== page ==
In Part 1, we looked at some of the challenges facing the sandwich generation. Here, Wickert, Dresden and Rumrill will provide us some solutions to the challenges.
When is the Right Time?
When is it time to start looking for long term care for an elderly parent or other loved one? Dresden wondered the same thing when caring for her disabled father – a military veteran. “I called the psychiatrist managing his case and asked her about the appropriate time to begin thinking about long term care. The psychiatrist answered,
‘When you start asking questions, then it’s time’,” said Dresden.
It’s also important to talk with a professional, who is familiar with your loved one’s case, about the appropriate level of involvement for your aging parent say the authors. The book includes an eldercare planning sheet, which gives families a framework that they can use to collaborate on plan development. Using this document, you can identify what’s needed to give your loved one the proper emotional, financial, and medical support.
Real Experiences, Real Solutions
The authors relay numerous real-life stories and anecdotes from the sandwich generation.They talk about some of the important aspects of planning that caregivers should consider when developing an eldercare plan, such as a living will and durable power of attorney. Another important part to an effective solution involves knowing the true cost of long-term care, especially late in life.
People frequently underestimate these costs and the resulting burden represents one of the most difficult challenges faced by caregivers.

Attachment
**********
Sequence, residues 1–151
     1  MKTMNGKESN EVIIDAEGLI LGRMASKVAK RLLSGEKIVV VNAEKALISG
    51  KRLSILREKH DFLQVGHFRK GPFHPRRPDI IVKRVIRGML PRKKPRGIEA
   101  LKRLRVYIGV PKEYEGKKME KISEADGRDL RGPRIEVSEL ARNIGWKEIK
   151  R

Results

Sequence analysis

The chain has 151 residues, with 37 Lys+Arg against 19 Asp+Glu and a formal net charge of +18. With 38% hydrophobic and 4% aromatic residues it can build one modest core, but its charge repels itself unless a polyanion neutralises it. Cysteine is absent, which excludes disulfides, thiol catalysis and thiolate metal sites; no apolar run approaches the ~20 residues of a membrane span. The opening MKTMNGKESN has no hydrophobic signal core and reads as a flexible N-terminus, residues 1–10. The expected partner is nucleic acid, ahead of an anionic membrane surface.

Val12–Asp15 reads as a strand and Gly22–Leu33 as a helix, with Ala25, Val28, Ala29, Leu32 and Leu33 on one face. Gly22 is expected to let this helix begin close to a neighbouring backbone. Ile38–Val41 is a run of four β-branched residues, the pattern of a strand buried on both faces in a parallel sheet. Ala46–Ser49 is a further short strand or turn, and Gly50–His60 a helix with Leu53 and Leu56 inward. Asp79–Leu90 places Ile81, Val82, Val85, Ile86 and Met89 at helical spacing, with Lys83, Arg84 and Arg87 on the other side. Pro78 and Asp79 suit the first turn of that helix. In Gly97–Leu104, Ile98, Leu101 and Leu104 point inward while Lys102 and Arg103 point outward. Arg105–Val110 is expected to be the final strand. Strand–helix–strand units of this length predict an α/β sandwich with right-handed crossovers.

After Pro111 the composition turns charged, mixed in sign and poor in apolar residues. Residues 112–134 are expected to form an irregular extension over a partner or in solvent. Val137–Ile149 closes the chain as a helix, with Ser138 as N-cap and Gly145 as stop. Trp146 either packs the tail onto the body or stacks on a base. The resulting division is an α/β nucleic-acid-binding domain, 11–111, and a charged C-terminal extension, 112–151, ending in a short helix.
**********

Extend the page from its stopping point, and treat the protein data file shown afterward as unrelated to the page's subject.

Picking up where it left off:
This book thoroughly covers all imaginable aspects of eldercare for those still juggling the responsibilities of raising kids and tending to a career. We specifically asked the authors about caregiver burnout and how the book addresses this issue. Understandably, they’ve included an entire chapter on this topic. The chapter addresses how to recognize the first signs of burnout and includes a list of common signs and symptoms. It also describes ways to prevent burnout before it happens and there’s a handy checklist as well.
Preventing Caregiver Burnout
Of course, it’s better to prevent burnout, than to deal with it after it has begun. “As a caregiver, you can prevent burnout by delegating tasks,” explains Wickert. “You can ask family members to help with specific duties like transportation or shopping.” She went on to warn that it’s important to be specific when asking others to help. Don’t just ask a family member to take dad shopping. Tell them which store has what he’ll need and include a list of specific items to purchase.
According to Pew Research,
1 out of 7 adults provide financial and emotional support to both an aging parent and a child.
That’s fully 15 percent of middle-aged adults. With statistics like that, this book fills an important need for education and experientially based advice on how to cope with this challenge. If you’re aged 40 to 60, there’s a good chance you may end up as one of the sandwich generation. We recommend reading this book and preparing well in advance.
Give us a call to discuss your eldercare plan.
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Posted on Tue, April 1, 2014